When Prince died in 2016, he did not have a will. This can be a complicated situation for the family of a regular middle-class person. It is a mess of unprecedented proportions when it happens to someone with Prince’s enormous wealth. Now after almost five years in probate, the Internal Revenue Service has come calling, claiming that the late musical legend owes back taxes because his estate was undervalued by executors by around 50%, or about $80 million.
The IRS has determined that Prince Rogers Nelson’s estate is not worth the $82.3 million that Comerica Bank & Trust, the estate’s administrator, determined it to be. Instead, the IRS believes that Prince’s estate was worth closer to $163.2 million at the time of his death. That leaves his estate on the hook for $32.4 million in back taxes and another $6.4 million in penalties. For what it’s worth, Celebrity Net Worth placed his net worth in the $200 million to $300 million range at the time of his death. We still feel comfortable with that range because the value of Prince’s catalog has not actually been fully realized yet AND it’s likely that millions… perhaps even tens of millions… have been spent in the last several years figuring out the will and paying taxes.
The IRS is just the latest issue Prince’s heirs have to deal with in their now nearly five year battle over his estate, assets, and vault of unreleased music. Prince died in April 2016 at 57 from an accidental fentanyl overdose. We will never know why or how he got fake Vicodin laced with the deadly opioid fentanyl. The synthetic opioid is 50 times stronger than heroin. Prince was reportedly seeking plain old Vicodin not trying to kill himself. No one was charged with a crime in connection with his death because it could not be determined who gave or sold those pills to Prince.
Prince retained ownership over most of his work, including his music publishing rights, but as previously stated, did not have a last will and testament. This has made Prince’s probate court process one of the most complicated in the history of Minnesota.
The discrepancy in value between Prince’s estate and the IRS’s valuation comes down to what each entity believes Prince’s music rights are worth. The estate valued Prince’s songwriting copyrights at $21.2 million. The IRS believes those copyrights are worth $36.9 million. The estate placed the “writer’s share” of the songwriting copyrights at $11 million. The IRS believes that is worth $22 million. The estate claims Prince’s record label, NPG Records is worth $19.4 million. The IRS says it’s worth $46.5 million.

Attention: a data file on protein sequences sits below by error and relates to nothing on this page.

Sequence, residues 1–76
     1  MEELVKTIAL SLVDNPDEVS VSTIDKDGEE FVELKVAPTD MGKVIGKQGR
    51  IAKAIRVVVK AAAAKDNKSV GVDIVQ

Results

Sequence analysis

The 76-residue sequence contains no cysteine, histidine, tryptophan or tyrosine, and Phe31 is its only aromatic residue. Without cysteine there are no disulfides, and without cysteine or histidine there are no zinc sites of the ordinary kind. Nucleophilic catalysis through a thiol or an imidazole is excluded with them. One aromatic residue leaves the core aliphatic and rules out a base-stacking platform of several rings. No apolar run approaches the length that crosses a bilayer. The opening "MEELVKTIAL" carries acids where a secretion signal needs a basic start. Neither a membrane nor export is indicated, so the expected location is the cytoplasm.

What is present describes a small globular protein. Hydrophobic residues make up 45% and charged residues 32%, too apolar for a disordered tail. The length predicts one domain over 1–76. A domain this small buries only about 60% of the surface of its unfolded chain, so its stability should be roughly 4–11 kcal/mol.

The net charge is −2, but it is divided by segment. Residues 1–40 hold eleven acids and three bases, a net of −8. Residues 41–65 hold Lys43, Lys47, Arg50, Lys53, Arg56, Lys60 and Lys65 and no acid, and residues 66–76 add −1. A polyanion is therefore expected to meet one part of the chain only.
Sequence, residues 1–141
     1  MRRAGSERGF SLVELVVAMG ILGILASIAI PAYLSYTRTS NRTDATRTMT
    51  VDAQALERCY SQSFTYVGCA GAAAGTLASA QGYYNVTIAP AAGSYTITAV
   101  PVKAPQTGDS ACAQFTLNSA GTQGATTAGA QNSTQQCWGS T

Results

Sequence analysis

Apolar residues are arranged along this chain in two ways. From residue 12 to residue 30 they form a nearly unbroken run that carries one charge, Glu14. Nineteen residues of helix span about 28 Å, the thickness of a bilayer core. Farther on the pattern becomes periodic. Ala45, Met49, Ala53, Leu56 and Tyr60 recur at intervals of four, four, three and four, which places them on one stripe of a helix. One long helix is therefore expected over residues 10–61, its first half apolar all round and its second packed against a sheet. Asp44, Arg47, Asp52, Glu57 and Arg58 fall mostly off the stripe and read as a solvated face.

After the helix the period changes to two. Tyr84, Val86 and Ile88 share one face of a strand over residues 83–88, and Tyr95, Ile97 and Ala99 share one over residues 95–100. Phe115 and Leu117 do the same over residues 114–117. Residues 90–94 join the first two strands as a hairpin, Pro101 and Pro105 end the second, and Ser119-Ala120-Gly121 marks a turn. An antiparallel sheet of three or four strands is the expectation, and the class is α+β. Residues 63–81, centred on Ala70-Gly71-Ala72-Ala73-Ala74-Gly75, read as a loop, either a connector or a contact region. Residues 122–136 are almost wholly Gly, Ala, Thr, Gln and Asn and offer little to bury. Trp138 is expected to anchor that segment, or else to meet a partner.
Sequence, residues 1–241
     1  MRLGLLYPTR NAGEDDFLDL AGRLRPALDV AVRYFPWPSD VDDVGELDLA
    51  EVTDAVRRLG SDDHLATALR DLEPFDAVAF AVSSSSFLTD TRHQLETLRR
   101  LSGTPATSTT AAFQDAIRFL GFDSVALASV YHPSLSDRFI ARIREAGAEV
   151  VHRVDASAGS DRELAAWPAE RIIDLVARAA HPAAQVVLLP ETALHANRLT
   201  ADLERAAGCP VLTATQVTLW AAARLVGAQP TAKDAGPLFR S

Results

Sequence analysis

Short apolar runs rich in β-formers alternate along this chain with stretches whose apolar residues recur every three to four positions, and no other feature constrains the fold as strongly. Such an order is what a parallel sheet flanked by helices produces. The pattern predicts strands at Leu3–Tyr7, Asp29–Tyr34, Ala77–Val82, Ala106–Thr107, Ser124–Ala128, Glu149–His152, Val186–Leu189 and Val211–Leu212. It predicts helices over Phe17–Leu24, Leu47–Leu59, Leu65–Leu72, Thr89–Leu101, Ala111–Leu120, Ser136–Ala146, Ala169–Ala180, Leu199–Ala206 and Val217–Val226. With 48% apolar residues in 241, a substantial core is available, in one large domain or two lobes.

The estate and the IRS also disagree on the value of real estate holdings of Prince including 149 acres of undeveloped land in Chanhassen, a suburb of Minneapolis where his Paisley Park is located. An independent appraiser valued the land at $11 million. The IRS says the fair market value of the land is actually $15 million.
This tax dispute is just the latest twist in the probate of Prince’s estate. There have been several problems that have resulted in millions being paid to lawyers and a delay of payments to the six family members who are Prince’s heirs. Comerica, the executor of Prince’s estate, sued the IRS this summer, saying their calculations are incorrect. The bank is asking the tax court to have a trial in St. Paul, Minnesota. A trial will further delay the settlement of his estate and create more legal fees, thereby reducing the amount his heirs will eventually receive. Prince’s heirs are his sister Tyka Nelson, his half-sisters Norrine and Sharon Nelson, and his half-brothers John Nelson, Alfred Jackson, and Omarr Baker. Alfred Jackson died in 2019.
The most obvious lesson from the tragedy of Prince’s death is obvious: if you die without a will you will leave behind chaos and confusion. Nearly six years after his death his enormous estate is still not settled, still doesn’t have an official value on it, and has still not been distributed amongst his now five heirs. Instead, teams of lawyers have been working on it for more than four years, racking up huge legal fees, filing stacks of documents with the probate court, and still haven’t made much progress in settling his estate once and for all.